Northwest Arkansas Times from Fayetteville, Arkansas on June 30, 1974 · Page 4
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June 30, 1974

Northwest Arkansas Times from Fayetteville, Arkansas · Page 4

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Sunday, June 30, 1974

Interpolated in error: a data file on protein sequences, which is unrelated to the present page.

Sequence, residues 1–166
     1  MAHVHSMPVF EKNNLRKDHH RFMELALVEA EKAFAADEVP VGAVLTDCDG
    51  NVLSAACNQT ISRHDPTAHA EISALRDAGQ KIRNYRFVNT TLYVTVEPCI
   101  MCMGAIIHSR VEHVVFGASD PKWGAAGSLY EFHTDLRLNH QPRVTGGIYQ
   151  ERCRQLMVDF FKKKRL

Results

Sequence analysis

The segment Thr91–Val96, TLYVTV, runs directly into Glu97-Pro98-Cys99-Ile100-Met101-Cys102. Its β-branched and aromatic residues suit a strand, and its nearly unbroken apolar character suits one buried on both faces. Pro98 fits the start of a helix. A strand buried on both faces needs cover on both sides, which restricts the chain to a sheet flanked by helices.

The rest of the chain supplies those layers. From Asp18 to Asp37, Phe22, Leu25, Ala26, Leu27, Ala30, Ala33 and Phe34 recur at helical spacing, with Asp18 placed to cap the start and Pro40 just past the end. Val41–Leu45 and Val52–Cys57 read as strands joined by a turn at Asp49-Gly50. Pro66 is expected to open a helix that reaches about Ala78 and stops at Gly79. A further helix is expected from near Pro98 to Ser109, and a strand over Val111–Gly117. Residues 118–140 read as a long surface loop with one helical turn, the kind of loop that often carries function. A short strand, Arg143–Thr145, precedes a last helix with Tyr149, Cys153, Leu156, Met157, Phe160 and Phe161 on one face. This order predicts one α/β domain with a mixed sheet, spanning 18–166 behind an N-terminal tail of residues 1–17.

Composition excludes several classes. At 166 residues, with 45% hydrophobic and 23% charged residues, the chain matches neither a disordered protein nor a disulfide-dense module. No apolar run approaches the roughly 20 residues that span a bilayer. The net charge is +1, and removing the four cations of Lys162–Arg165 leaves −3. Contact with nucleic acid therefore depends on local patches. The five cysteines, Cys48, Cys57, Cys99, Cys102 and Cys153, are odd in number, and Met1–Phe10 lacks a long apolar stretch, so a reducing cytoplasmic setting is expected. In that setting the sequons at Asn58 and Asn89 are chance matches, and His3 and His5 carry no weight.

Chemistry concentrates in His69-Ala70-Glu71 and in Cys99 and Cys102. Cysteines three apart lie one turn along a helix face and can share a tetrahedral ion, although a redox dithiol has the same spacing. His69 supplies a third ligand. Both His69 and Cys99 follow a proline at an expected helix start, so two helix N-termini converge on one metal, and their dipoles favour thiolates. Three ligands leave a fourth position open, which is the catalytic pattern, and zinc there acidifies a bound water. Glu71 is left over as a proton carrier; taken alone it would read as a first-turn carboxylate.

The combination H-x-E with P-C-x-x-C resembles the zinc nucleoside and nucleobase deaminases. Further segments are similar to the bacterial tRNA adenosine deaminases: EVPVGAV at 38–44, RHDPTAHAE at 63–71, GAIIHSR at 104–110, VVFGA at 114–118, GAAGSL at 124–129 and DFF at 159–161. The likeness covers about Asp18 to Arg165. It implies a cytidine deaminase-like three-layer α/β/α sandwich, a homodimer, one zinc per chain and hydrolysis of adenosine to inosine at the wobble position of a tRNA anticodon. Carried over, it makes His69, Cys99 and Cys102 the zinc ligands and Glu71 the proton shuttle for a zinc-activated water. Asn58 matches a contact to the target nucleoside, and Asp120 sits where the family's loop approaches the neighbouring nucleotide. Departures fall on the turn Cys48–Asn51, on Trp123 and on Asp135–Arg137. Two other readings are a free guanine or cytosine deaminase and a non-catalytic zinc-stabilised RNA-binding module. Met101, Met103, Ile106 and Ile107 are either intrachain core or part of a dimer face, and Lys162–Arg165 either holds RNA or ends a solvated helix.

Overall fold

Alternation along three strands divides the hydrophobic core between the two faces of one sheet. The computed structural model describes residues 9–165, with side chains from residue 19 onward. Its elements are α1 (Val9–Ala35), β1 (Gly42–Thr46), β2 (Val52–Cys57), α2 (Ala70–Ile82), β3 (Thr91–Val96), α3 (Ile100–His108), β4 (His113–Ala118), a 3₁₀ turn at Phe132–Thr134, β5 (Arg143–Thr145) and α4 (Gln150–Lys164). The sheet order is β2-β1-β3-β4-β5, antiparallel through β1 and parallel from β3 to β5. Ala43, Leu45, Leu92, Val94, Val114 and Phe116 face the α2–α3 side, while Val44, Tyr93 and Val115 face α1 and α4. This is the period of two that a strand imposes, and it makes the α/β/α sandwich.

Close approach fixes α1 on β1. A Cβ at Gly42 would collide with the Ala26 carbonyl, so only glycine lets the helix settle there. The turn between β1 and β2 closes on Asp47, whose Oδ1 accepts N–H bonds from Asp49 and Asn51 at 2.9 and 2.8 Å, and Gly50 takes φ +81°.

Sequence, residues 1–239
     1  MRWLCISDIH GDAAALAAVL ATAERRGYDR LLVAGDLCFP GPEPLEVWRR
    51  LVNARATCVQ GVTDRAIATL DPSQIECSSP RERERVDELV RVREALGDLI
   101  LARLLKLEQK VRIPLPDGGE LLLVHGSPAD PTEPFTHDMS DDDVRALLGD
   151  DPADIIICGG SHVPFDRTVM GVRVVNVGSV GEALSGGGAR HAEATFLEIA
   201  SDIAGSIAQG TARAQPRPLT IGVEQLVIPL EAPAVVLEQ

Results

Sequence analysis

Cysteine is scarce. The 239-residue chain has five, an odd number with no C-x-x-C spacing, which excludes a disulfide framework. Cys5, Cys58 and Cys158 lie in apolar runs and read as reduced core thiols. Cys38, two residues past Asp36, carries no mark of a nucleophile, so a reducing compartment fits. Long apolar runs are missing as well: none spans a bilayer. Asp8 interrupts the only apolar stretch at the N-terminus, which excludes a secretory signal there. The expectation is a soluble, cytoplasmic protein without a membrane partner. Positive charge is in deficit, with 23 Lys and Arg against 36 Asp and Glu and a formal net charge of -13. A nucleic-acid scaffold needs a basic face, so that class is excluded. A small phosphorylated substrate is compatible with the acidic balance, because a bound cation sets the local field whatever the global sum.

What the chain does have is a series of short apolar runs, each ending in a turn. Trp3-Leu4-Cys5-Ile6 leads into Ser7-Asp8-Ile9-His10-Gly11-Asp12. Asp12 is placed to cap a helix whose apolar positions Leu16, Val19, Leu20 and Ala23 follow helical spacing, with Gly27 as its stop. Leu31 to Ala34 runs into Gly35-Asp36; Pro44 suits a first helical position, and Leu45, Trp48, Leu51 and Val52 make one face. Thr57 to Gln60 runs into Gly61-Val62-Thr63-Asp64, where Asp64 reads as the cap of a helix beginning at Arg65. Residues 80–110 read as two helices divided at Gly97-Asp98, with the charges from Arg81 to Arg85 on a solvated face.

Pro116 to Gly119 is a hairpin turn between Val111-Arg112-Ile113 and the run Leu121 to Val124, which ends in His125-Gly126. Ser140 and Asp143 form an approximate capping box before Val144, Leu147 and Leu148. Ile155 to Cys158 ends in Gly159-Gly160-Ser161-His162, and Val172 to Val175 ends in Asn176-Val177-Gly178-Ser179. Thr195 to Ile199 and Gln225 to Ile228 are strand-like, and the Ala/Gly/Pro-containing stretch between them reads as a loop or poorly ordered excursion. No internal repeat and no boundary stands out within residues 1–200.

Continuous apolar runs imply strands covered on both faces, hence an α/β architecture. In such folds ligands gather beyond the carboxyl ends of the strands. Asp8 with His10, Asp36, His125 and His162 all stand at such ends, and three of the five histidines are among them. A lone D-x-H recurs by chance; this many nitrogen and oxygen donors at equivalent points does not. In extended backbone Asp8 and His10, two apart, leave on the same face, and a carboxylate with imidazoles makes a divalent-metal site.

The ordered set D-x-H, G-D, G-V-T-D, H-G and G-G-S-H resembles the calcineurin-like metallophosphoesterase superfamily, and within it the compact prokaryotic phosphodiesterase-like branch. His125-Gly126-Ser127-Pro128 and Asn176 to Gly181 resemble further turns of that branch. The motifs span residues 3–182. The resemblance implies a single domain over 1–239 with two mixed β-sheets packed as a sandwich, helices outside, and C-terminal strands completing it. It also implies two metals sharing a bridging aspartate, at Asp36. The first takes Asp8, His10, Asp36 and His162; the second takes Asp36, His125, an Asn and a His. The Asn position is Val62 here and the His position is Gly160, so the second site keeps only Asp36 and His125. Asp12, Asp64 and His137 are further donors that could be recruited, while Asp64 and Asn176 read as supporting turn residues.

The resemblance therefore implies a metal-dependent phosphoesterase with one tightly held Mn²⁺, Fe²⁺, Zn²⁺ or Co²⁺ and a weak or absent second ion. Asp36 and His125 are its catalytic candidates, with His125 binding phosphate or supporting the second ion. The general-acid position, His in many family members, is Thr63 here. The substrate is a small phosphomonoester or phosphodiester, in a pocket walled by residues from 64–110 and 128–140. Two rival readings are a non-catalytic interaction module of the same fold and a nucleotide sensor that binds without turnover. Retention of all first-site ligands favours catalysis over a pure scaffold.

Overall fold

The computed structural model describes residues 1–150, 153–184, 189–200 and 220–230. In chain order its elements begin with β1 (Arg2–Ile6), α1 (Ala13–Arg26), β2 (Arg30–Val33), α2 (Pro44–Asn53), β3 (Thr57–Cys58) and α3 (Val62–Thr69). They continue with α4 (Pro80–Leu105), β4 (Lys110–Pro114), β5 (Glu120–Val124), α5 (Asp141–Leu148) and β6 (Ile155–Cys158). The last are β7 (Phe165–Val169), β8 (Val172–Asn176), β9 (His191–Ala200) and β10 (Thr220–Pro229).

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Jlortijtoejst Editorial-Opinion Page The Public Merest Is The First Concern O/ This Newspaper 4A « SUNDAY, JUNE 30, 1974 Coalfield Tells About Gumshoe Capers Educational Specialization. Dr. Charles E. Bishop -- who will assume active presidency of the University here in August -- may not be coming to stay. There arc intimations, at least, that he is toying with the notion of setting up a system of chancellors at the various campuses of the University System, freeing himself thereby from the necessity of too much single institution detail. Specialization is one key word in the new president's plans, lie believes the stale's appropriations for higher education may be better allocated through elimination of overlapping programs on various campuses, plus improved programs through concentration of top faculty and facilities at specified locales. Translated, this could mean a law school or an engineering program at Little Rock, with greater emphasis on agricultural sciences on the local campus. Whether the new president says it or not, such an undertaking means lots of politicking, and that in turn translates into a need to spend a good deal of time in the state's political power base of central Arkansas. It would not be too far-fetched, in other words, to anticipate some shifting of University resources from the local campus toward central Arkansas. In truth, logic as well Art Buchwatd as common sense dictates some higher educational facility reorganization. Politically speaking, though, there will have to be some diplomatic horse-trading if the job is carried off without damaging rancor. That puts a good-sized burden on the area's legislative delegation, as well as those who have the gubernatorial ear in regard to trustee appointments, as well as the new president. For the past decade Northwest Arkansas has had two strong members on the Board of Trustees. These gentlemen, Roy Hitter of Springdale and Dr. P. L. Hathcock of Fayetleville, have served the University, the state and the UA's home area extremely well. One can be less certain of future stability on the Fayetteville campus if next year goes by and both are gone without strong local replacement. Meanwhile.. . Dr. Bishop reveals himself as a diecl-in- the-wool sports fan, with a Razorback football schedule already in his wallet, and a record of strong support for intercollegiate athletics. So . . . if Coaches Broyles, Button, De- Briyn, Renfrew and company, do their stuff, it could be that all our fretting is pointless. Go, Hogs... In France They Call It Amnesty By ART BUCHWALD PARIS -- While some things have changed in Paris in tlie last few years, the Frenchman's iovc a f f a i r \vilh iiis car remains as strong as ever. It is a known fact that if you knock down a Frenchman's wife he will apologize lo you, but if you scratch the /"endfir of his automobile he will kill you. The streets of Paris have remained the same size, but the number of vehicles in the city has increased 300 per cent. This presents a slight parking problem. But the French driver has solved it with typical Gallic ingenuity. He drives to 'tis destination, gets out of his car and leaves it right in the middle of the street. If there are too many cars already parked in the middle of the street, he'll park il on the sidewalk; and if there is no room on Ihe sidewalk, he'll jus! drive it into a sidewalk cafe and leave il on your table. The death of President Pompidou had a tremendous emotional effect on all of France. But French automobile owners were probably more affected by it than anyone else. It .seems in France, when a new president is elected, amnesty is granted to everyone who committed a minor crime. Since most crimes in this coun- try have to do with cars, France mourned the passing of Us president by violating every traffic law in the book. I'ROM THE MOMENT President Pompidou's demise was announced to Ihe day Giscnrd d'Estaing was sworn in as (he new president, the French showed (heir sorrow. Instead of tearing their clothes as they do in some countries, the French people tore up their traffic tickets. In Paris there ire meter maids called "les aubergines" (eggplants) because the color of their uniforms resembles that of an eggplast. When an "eggplant" warned a driver that he had failed to put money in a parking meter, the Frenchman, with tears in his eyes, would say, "Our president is gone, and you know where you can go," All during the period of mourning, the French went through red lights, broke the speed limits and drove in the wrong direction up one-way streets. Whenever they were stopped by a policeman. Ihe drivers would laugh hysterically and say. "Don't give me one ticket; give me 10. I want to make the amnesty worthwhile." There are very few coiHtrlis · that know how to take advantage of the changing of presidents. From The Bookshelf H is not the mnn icho sits in the Oval Office mho ultimately matters; rather it is the men around him, the Cabinet and commission and agencies, the vast bureaucracy (no President can hope to cope with it--President Kenned!/ said dealing with it was like trying to nail jelly to the wall), the legislative and judicial branches, trade associations and lobbies, superlawjers and consultants, tax experts and economists, and that horde of influence peddlers who dwell in the riches of the marble labyrinths of government power, dispensing deep freezes and rugs, minks and vicuna coats--the Nathan Voloshent and Bobby Bakers--and, finally, the $100 million like clockwork for campaign whoopee. It is this complex machinery that gives money powers its checks and balances, its precous veto thnt has protected its vested inheritance /or the nearly two centuries of this Republic's existence. --Ovid Demons, Dirty Business (1974) They'll Do It Every Time HELLO, 8CVS PIAYJN6 BALL ANP CAUSING A NUISANCE. ON PISTACHIO NEAR FSE3IE, 1 . 1 CRASAffUS (5 ALWAYS CALLING THt COPSA30UT THE N£I6H- 802HOQP WPS- ITS THAT TW9-FSCH? / SCW£30CY COM. -- P i t - M i ? THAT TH£ SOS KZte CKAT1NS LOOKS SO SW«T BUT It occurred to me, as I talked about those wonderful 35 days with my French friends, that the United States might be able to adopt the amnesty procedure to its own crisis. ONE OF THE major questions of Watergate is whai will happen to President Nixon if he is tried and found guilty of high crimes and misdemeanors. There is also the problem of all the trials of people involved with the Watergate scandal. Why not pass a law that, when a new American President is sworn in. all the people who had anything io do with Watergate would automaticaliy be given amnesty? By the stroke of a pen, President Ford would absolve everyone of any crime having to do with dirty politics, obstruction of justice and perjury. The slate would be wiped clean and the United Stites, us France is doing now, would begin a new era of hope, joy and optimism. If France can forgive and forget the crimes of 40 million French drivers, surely we in the United Slates can do the same for a few hundred misguided souls in Washington. (C) 1974, Los Angeles Timei Today In History By THE ASSOCIATED PRESS Today is Sunday, June 30. the 181st day of the 1974. There are 184 days left in the year. Today's highlight in history: On this date in 1950. President Harry T r u m a n announced t h a t he had ordered U.S. troops stationed in Japan to help the Republic of Korea repel North Korean invaders. On this date: In 1777, during the Revolutionary War, British forces evacuated New Jersey, crossing to Staten Island, N.Y. In 183-1, the Indian Territory was created by an Act of Congress. In 1859. a Frenchman, Emile Blodin. crossed Niagara Falls on a tightrope. The stunt drew 5.000 spectators, In 1934. Adolf Hitler began a purge in Germany, getting rid of hundreds of political and m i l i t a r y leaders. In 1936. Emperor Haile Selassie of Ethiopia pleaded before the League of Nations in Geneva for help a-gainst Italian invaders. In 1945. the third atomic bomb was dropped--in a U.S. test over ships anchored at Bikini in the Marshall Islands. Ten years ago: Atty. Gen. Robert Kennedy, visiting Poland, met at a monastery with Cardinal Stefan Wyszyns'ki despite a warning by the communist government that the meeting could damage relations between Poland and the U.S. Five years ago: Israeli jets strafed and bombed Arab guerrilla positions inside Jordan after a terrorist explosion in Tel Aviv. One year argo: The moon's shadow crossed the entire width of Africa in one of the longest eclipses of modern times. Today's birthdays: Actress Susan Hayward is 55 years old. Former president of the Dominican Republic Juan Bosch is 65. Thought for today: The art of pleasing consists in being pleased--William HazlUt, English writer, 1778-1830. By JACK ANDERSON WASHINGTON - Even as President Nixon was courting political support from George Meany, the White House "dirty tricks" crew was conducting a back-door probe to see whether the crusty, then 77-year-old AFL-C1O boss would survive a serious chest hernia. As part of the snooping, according to "dirty tricks'* chief Jack Caulficld.'lhe White House used a management consultant posing as a doctor to try to squeeze medical data out of Meany's personal physician. Meany's doctor denies he furnished medical information. The consultant agrees, sayirrg he told Caulfield he obtained the information from two labor officials, Dut Caulfield nevertheless fobbed the "medical" reports off on President Nixon as coming straight from Meany's doctor. According to Caulfield, the clandestine operation on Meany was ordered by former White House counsel J o h n Dean, probably at the direction of ex- Nixon aides H. R. Haldeman or John Ehrlichman. The Washington Merry-Go-Round In a room locked to the public and the press. Caulfield told the Senate Watergate committee of the Meany caper and previously undisclosed details of his other hidden White House chores. These, he reluctantly confessed, involved presidential nephew Don Nixon, former I n t e r i o r Secretary Stewart Udall. the Ford Foundation, the newsmen who revealed the My Lai slaughter, the Nixon campaign's chief of Jewish affairs. "Nevvsday" and many others. To carry out his probes, the "dirty tricks" impresario got the willing help of a New York FBI agent; the White House resident Jesujt, Father John McLaughlin, w h o r e c e n t l y defended the President's foul language, a n d presidential secretary Rose Mary Woods, to name a lew. T h e once r u d d y Caulfield, who has been weakened by serious abdominal surgery, turned out to be a slippery witness, the classified trans- cript of his testimony reveals. "Do you know for a fact that the President was interested in getting some discreet information on the condition of George Meany" in 1971, Caulfield was asked by committee lawyer Terry Lenzner. "Apparently a memorandum went from Dean to the President," said the ex-New York City detective. "There was intense interest, I do recall, ...on the part of m a n y people at the White House. (Meany) had a (chest) attack.... The thrust of the inquiry was how serious...." When Lenzner pressed him on how he 'got his information. Caulfield weaved and dodged. "1 received it from a friend of mine." said the ex-White House official. "Who was that?" demanded Lenzner. ' ' M r . James Juliana." Caulfield finally acknowledged, naming an ex-investigator for the late Sen. Joseph McCarthy, R-Wis., who is now a Wash- 'Rest Assured, I'm Watching It All The Time' A Potpourri Excerpts From The World Of Thought DUKE ELLINGTON. Ralph J. Gleason, "Farewell to the Duke," Rolling Stone, July 4, 1S74. pp. 34-37. " E d w a r d Kennedy Duke" Ellington was three weeks and four days past his 75th birthday when he died last month in a New York City hospital. He had played his nnisic in almost every part of the world except China and Siberia. He had dined with presidents and kings, had a Prince of Wales accompany him on drums, playpd piano duets with a U.S. president, performed his music on TV in Japan. Sweden. England and (he U.S." "He composed approximately 3.000 original works, many of them portraits of leading black artists, members of his own orchestra, friends and lovers and many others, and tonal histories of black people in America. His accomplishment defy cataloging and his honors are so impressively divers and extensive that they are almost bizarre. He received h o n o r a r y degrees from at least 15 c o l l e g e s a n d universities... N i x o n awarded h i m t h e Presidential Medal of Freedom, Lyndon Johnson gave him the President's Gold Medal." "The weekend: Duke died. I watched the TV news shows from the funeral parlor and ths church with all those thousands who came from all over to mourn him and I could not cry for Duke. He was out there living every minute like a teenager right up to the last few months. He had been everywhere, seen everything, knew everybody, and all his adult life he has had the one thing he w a n t e d most--nis orchestra to play his music. And what music! As the French poet Blaise C e n d r a r s said, 'Such music is not only a n?w art form, but a new reason for living.' " CERVANTES AND THE NOVEL. Herman Wouk, "You, Me, and the Novel." Saturday Review-World, June 29. 1974, pp. 8-13. "The modern Western novel begins with Cervantes, I siy modern because the long prose narrative is an ancient form: and I say Western because the Oriental novel is a very different thing. The novel that you and I know, that living authors of fiction try lo write, first takes shape in Don Quixote... Cervantes was Quite explicit about his intention in writing Don, Quixote." "He declared Unit he was nlit to destroy by parody a bml nnd stupid f o r m of storytelling, reflecting a ridiculous set of values... That was the first thing he did: to move the narrative - art- .into everyd-.iy reality. Ever since, the novel has sunk its roots in, and drawn its nourishment from, that inexhaustible ground." "He did a second equally important thing: he moved the art away from high life and the beautiful people to all l i f e and to all people... He looked to ordinary life rather t h a n to high life for his substance. In this--only in this--he surpassed the greatest of secular writers, Shakespeare. They were contemporaries...!^ Shakespeare stayed with the b e a u t i f u l people: kings, queens, princes, nobles," "In this. Cervantes was more nearly modern: not but w h a t Shakespeare transcends all rules and all oueslions. and ; s ' modern, ancient, new, old and everything else... Whatever n!se Don Quixote is. it is one of the towering entertainments !u human art. This was the t h i r d thing Cervantes did. this breakout from a rigid, conventional form of cro\vd pleasing, the theater, into a freer, broader form retaining t h c popular charm of dramaturgy." COUNTRY JIUSIC. Florence King. "Red Necks. White Sox, and Blue Ribbon Fear." Harper's. July 1974, pp. 30-34, "Polarization is as American as apple pie; il docs not ne?d to be encouraged because 't flourishes like the green bay t r e e anyway. p a r t i c u l a r l y among the rural Southerners and urban working people who make up country music audiences. In bis visit lo the Grand Ole Opry. President Nixon laid his i m p r i m a t u r on a polarization that country music itself instigated fourteen years ago, when the policies o! John F. Kennedy -- combined with his polished urbanity a n d sophistication--drove the South up the wall." "The turning point in country music came around 1960. A truculent true-blue note crept Into it in reaction to the hippie- civil rights movements... I continued to enjoy country music until around 1968. when the Chicago imbroglio, the election of Xixon and the advent of the women's liheratiin movement seemed to .make even greater changes in the genre and I began to he repelled, offended and occasionally frightened by tne music I had loved all my life." "I now listen to my local country music station in a spirit of compulsive masochistic curiosity, wondering for whom the bell wouH toll if the spirit of some of these songs should someday become flesh... M.'*ny of today's country music songs are hymns to the fear of change that is dividing America along strict political, social and sexual lines, and encouraging all working people to emulate and identify with the very worst sort of Southern reactionaries. T h e r e is now a calculated psychology to country music, a ' m e s s a g e ' that promotes alienation and a spirit of testy readiness that is disturbing to hear." EB III, Milton R. a n d Mary M. Schroeder, "The New Encyclopedia Britannica: 'All Human K n o w l e d g e , 1 ' ' A m e r i c a n B a r Association Journal, June 1974. pp. 711-714. "We feel like the New York l i t e r a r y editor who, in r e v i e w i n g t h e twenly-fo'ir volumes of t h e last edition of the Encyclopedia Britannica, remarked he felt 'very like a c h a p who has been ordered to eat and digest a battleship.' The new Britannica is even imre formidable... The new Encyclopedia Britannica is the fifteenth edition in a series of predecessors stretching back to 1708." "The publishers of the new Britannica have..reconsidered Ihe functions an encyclopedia should serve. The result is an innovative restructuring that improves the quality of the articles collected and thsir utility for readers with different needs and purposes. The Britannica has at least partly abandoned an organizational f r a m e w o r k o f alphabetical entries." "The new Britannica borrows some from th2 past, preserves some of the recent present, and adopts a tripartite organization designed to serve the curious seeker of general information, the reader looking for knowledge in depth, and the person interested in a comprehensive view of on entire field of knowledge. The new Britannica is in three somewhat a w k w a r d l y titled parts: the Propacdia in one volume, the Micropaedia in t e n volumes, and th* M a c r o p a e d l a i n nineteen volume. 1 - " ington management consultant. "Do you know how he got it?" persisted Lenzner. "I think he got it ^from · physician friend of his." "Your memorandum indicates that Dr. Marvin Fuchs. who was George Meany's persona! physician, was talked to on a very discreet basis by another physician." "Yes," said Caullield. "Was that Mr. Juliana? "Yes," swore Caulfield. Both Dr. Fuchs and Juliana deny this as a baseless whopper! Juliana told us he was advised the attack was serious by two friends in the labor movement. He gave Caulfield a f u l l report of his talk, he said, adding that the President should visit Meany in the- hospital or send flowers. Within a few days, sure enough, not flowers, but cigars reached Meany from the White House. In another case Caulfield probed the Long Island paper Newsday which was preparing an expo'se of presidential crony Charles "Bebe" Rebozo. "The forthcoming Newsday article was a matter of constant conversation around the White House," recalled Caulfield. One day. he said, "I bumped into (Rebozo) in the hall of the White House," Rebozo was "concerned." But Caulfield assured Rebozo he was already on the case. As Caulfield recounted under oath, he and FBI agent Pat Henry were drinking in New York when Henry said, " "there is an article coming out on Mr. Rebozo....Would you be interested if there's any information?' and 1 said. 'I sure would.' " Although Caulfield first tried to withhold Henry's name from the record, he finally admitted that Henry passed on information about Newsday. "Mr, Henry, as I recall, had friends at the newspaper ( a n d ) spoke lo those friends about the publication date of the article," Caulfield testified. The White House gumshoe- dutifully relayed this information lo Dean. Caulfield said he also believed that Newsday reporters in. Florida who worked on the Rebozo story were under Secret Service surveillance. The Secret Service and FBI deny they ever authorized any probes of News- day. Even some White House friends, however, drew suspicion from the President's inner circle. Caulfield testified. Dean once ordered a probe of Nixon's chief campaign aide on Jewish affairs, Lawrence Goldberg. Caulfield was worried about "a potential question of loyalty" to the campaign on the p a r t ' o f G o l d b e r g . Caulficlcl suggested the issue had been raised to him by Father McLaughlin. The staffer-priest refused to return our repeated calls. FOOTNOTE: A spokesman for Meany said the tireless old labor worker had "absolutely no idea" he was being probed. Caulfield could not be reached. Quest For Security In Mideast JERUSALEM (ERR) -- In 1903, six years after the first Zionist congress proclaimed that "Zionism strives to create for the Jewish people a homa in Palestine secured by public law," the British government offered the Jews 6.000 square miles in the highlands of Uganda. The ofler was rejected. "Let us forsake our lives in forergn lands and stand on f i r m ground on the land of our forefathers. Let us r e a c h for shovels and plows," an early Zionist pamphlet declared. It took almost 50 years and six million dead in the N'av.i holocaust .or Jews to reali/e their dream of a Zionist nation in Palestine. By most standards, the 26-year-old state of Israel is a success. The Israelis have made the desert bloom, not only with exportable f r u i t and flowers but also with power plants, factories, schools, hos- p i t a 1 s , scientific institutes, roads and houses. But success has come at so .ligh a price that some observers wonder if the original Zionisis would not have been wiser to accept the British offer of a Ugandan homeland. Four wars with neighboring Arab countries, continuing terrorist t h r e a t s from Palestinian guerrillas and a growing isolation in the international community have exacted a great I S R A E L ' S I M M E N S E military expenditures, which will account for 45 per cent of the country's gross national product in 1974, have contributed to an extremely high rate of inflation. Recent American visitors were shocked to find that one Jerusalem hotel charged $32 to launder six shirts, one pair of trousers and a jacket, that television sets cost $850 and that one bedroom condominiums were selling for $185,000. One Israeli cheerfully admitted that most people "were in hock up to their eyeballs." According to Eliahu Salpetcr, an Israeli journalist, "inflation is running at a 35 per cent rate, net forergn indebtedness this year is expected to increase by $1.5 billion (as against 5400 million in 1973) and the nation's foreign currency reserves are sharply declining. To stop runaway inflation at home and bankruptcy abroad, domestic consumption will have to be cut most drastically in the very near future."